By: Mariko Rasmussen, Program Assistant for Women Deliver; 1 of 50 Young Champions for Women at the WIE Symposium
On September 20, 2010, I attended the inaugural Women: Inspire & Enterprise (WIE) Symposium, hosted by Sarah Brown, Arianna Huffington and Donna Karan, an event that drew powerful women in politics, philanthropy, media, fashion and the arts to New York City for a full day of speakers, panels and workshops, as well as exhibitions, performances and awards. The WIE Symposium was held to coincide with the United Nations review summit on the Millennium Development Goals and the Clinton Global Initiative, adding to the multitude of events taking place in the city this week to push world leaders to keep their promises to girls and women and to get new pledges and commitments to maternal health.
Arianna Huffington opened the event by asking the crowd to increase their “empathy index” with engagement and enthusiasm, using social media to accelerate change and bring issues to the global stage, while Donna Karan stressed the importance and value of healthcare, education and culture. Sarah Brown presented , who has launched, lauded, and lent support to a variety of education initiatives, with the WIE Leadership Award. Queen Rania was and is truly inspiring, and her dedication to girls’ and boys’ education deserves every leadership award that exists and more. One thing we know is that education is the key to achieving all sorts of development goals, including reducing maternal mortality.
Sarah Brown gave the morning keynote address on maternal health, outlining the various successes of the year that are building momentum around the issue, including the H4’s release of lower maternal mortality rates worldwide, but stressing that MDG 5 is still the farthest off. She asked us to use our networks and available technology to continue the campaign with increased hope. Check out our and to see how Women Deliver is trying to do just that.
Melinda Gates gave the afternoon keynote speech, and shared her personal experiences in India, Ethiopia, and Malawi to tell stories of progress and not only problems. There is still much government and donor country funding that needs to be raised, but, she attests, we are becoming more effective with aide. “It has been a woman's task throughout history to go on believing in life when there was almost no hope,” she said, quoting Margaret Mead and calling for more voices to rise up in a song of support, kinship and empathy for global women.
- The White Ribbon Alliance brought to the symposium, and each advocate shared her story with the crowd, all speaking of both tragedy and hope whether in regards to child marriage, fistula, human rights, and more.
- The panel Wired for Change discussed the new ways that technology can advance health system responses, such as Google analyzing trends in search topics to discover when a flu outbreak hits an area.
- The panel Dressing and Addressing highlighted philanthropy, showcasing campaigns, products, and various means to raise awareness and consciousness of consumers, such as with Lauren Bush’s FEED bags.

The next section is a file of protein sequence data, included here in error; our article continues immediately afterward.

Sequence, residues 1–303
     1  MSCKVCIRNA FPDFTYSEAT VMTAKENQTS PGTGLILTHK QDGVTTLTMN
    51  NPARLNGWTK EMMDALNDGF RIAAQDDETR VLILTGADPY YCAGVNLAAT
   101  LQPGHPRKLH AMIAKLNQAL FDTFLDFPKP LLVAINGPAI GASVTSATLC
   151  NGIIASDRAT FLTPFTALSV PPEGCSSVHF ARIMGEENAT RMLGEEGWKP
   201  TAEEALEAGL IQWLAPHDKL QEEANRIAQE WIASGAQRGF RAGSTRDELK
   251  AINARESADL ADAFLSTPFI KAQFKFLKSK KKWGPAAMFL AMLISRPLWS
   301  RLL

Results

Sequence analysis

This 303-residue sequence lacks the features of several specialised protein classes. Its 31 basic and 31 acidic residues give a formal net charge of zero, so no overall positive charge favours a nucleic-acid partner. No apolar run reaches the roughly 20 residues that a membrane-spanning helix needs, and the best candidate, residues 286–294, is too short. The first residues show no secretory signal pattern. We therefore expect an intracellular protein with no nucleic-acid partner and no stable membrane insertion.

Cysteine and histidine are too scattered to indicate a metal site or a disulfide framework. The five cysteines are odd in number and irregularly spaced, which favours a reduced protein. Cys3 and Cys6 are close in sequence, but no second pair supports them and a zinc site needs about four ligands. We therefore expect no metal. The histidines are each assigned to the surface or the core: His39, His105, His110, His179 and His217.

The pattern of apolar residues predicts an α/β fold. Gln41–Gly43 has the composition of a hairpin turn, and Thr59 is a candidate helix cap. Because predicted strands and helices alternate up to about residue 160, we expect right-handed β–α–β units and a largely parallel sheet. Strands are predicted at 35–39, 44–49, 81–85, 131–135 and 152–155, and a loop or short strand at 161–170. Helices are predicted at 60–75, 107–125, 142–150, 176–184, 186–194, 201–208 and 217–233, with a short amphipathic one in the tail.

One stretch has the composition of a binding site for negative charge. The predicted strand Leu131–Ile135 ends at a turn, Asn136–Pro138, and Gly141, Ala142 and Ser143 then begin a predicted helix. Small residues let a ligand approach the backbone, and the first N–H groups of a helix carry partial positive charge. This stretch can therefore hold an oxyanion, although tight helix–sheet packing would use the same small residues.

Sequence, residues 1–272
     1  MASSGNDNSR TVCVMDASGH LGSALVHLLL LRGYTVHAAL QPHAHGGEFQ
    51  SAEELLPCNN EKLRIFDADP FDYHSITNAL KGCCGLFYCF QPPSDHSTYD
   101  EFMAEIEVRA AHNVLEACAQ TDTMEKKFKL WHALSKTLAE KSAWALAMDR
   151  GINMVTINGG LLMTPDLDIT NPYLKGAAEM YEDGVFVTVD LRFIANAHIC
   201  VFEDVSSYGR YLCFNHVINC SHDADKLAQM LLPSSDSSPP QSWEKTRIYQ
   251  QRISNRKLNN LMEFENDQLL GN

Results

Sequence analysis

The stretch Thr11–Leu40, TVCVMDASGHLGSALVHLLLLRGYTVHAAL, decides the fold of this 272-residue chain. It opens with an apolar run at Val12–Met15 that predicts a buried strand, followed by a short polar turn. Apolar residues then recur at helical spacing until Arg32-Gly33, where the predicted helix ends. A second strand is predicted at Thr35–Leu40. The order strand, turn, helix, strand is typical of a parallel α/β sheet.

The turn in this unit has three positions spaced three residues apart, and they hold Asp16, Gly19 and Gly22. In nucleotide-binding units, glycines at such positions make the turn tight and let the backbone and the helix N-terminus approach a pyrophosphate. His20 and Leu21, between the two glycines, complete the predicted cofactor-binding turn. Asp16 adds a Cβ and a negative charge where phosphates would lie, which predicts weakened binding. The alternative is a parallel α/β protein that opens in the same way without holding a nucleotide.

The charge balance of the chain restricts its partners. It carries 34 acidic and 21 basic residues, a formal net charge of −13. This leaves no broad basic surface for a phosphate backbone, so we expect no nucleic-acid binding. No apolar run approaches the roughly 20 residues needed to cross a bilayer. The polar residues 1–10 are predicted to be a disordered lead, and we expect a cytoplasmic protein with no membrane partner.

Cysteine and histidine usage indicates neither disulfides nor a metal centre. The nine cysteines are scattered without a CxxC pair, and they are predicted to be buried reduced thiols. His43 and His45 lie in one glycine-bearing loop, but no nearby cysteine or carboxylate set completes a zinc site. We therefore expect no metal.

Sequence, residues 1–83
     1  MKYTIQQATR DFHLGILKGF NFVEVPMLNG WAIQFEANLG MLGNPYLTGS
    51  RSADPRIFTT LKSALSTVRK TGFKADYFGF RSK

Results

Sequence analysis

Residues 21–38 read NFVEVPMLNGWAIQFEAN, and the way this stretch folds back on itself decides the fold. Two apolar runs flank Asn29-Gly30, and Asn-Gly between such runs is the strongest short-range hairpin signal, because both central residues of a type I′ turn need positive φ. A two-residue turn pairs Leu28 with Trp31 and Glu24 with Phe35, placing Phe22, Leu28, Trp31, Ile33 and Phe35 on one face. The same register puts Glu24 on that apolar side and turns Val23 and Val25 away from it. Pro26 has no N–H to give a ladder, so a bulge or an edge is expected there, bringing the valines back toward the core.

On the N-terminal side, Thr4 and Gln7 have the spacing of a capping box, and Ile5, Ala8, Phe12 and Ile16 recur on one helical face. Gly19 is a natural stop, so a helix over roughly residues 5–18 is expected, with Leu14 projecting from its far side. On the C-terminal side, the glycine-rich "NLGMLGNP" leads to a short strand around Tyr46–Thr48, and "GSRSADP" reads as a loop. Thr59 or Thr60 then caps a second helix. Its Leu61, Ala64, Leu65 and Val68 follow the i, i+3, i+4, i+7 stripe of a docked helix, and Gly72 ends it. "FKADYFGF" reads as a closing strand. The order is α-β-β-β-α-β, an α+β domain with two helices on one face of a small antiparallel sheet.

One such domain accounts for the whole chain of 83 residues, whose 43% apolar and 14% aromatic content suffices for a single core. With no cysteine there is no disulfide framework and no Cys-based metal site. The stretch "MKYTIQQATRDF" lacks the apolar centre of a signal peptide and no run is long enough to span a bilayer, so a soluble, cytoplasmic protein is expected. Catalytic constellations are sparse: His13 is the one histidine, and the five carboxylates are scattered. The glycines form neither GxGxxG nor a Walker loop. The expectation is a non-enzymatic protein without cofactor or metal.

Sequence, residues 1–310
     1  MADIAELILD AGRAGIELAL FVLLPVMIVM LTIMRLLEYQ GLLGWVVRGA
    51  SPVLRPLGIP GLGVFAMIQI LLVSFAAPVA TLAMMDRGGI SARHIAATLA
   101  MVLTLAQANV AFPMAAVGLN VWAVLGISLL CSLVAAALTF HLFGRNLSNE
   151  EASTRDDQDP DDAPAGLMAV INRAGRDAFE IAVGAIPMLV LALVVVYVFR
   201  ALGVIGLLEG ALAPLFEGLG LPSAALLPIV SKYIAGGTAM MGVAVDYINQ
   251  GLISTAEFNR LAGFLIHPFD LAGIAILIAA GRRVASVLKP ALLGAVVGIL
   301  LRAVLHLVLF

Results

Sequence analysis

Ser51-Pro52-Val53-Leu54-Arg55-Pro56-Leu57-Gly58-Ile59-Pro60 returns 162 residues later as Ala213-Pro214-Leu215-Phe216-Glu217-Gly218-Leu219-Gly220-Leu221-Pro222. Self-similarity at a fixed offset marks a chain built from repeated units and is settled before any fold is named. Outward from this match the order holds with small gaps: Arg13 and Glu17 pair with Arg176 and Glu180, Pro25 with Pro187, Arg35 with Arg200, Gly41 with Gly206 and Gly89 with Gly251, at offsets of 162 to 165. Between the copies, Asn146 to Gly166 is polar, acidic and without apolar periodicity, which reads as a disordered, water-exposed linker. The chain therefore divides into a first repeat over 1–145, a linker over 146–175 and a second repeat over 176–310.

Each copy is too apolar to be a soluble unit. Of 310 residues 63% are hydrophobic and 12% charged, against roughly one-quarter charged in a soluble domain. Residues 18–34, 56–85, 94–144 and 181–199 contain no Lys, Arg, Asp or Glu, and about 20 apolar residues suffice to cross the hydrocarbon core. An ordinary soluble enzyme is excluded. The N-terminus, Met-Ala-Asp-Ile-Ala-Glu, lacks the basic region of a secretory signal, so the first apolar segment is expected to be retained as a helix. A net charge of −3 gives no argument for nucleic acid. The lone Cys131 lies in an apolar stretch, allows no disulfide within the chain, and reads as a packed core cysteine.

- The panel Telling Women’s Stories brought together producers, writers, and directors to discuss the challenges of women within the entertainment industry on getting women’s stories told and finding audiences for them. Panelist Christy Turlington stressed that while her directorial debut, No Woman, No Cry, is an advocacy tool, it is a film first, touching on the challenge of women’s issues and sad stories being relegated to documentaries and seen as ‘videos’ rather than art.
The final panel of the day was Philanthropy and Advocacy. Inspiring advocates rallied the room to give voice to the voices of others who cannot speak. Ambassador MelanneVerveer asked attendees to help influence the world we want to live in by putting gender issues at the core of our work and to see “women as agents of change, not just victims.” Women are part of the solution. Baroness Amos reminded the room of the struggle of women in Pakistan in the aftermath of the floods and of the millions of women living in areas of conflict and violence and natural disaster, and to really help these women, we must see the interconnectedness of development issues. Maria Eitel of the Nike Foundation gave points of action to maintain momentum in the maternal health movement, especially stressing the need to engage boys and men, to celebrate women’s champions and heroes, and to create partnerships and combine forces for social good. Watch the new Girl Effect video here. When women are invisible, they die uncounted. Ashley Judd shared emotional stories from her humanitarian work, stressing accessibility, quality, and accountability in our health interventions. The panel closed with a few words from the 12 year old activist NthabisengTshabalala, an HIV positive young girl, who asserted that without education she would not be on the stage with these other women.
With only five years left to reach the goal of reducing maternal deaths by three quarters, the room was full of hope. The day was spent in the company of creative and successful women, who share a passionate determination to see that the world is a safer and better place for girls and women. I was proud to be one of them.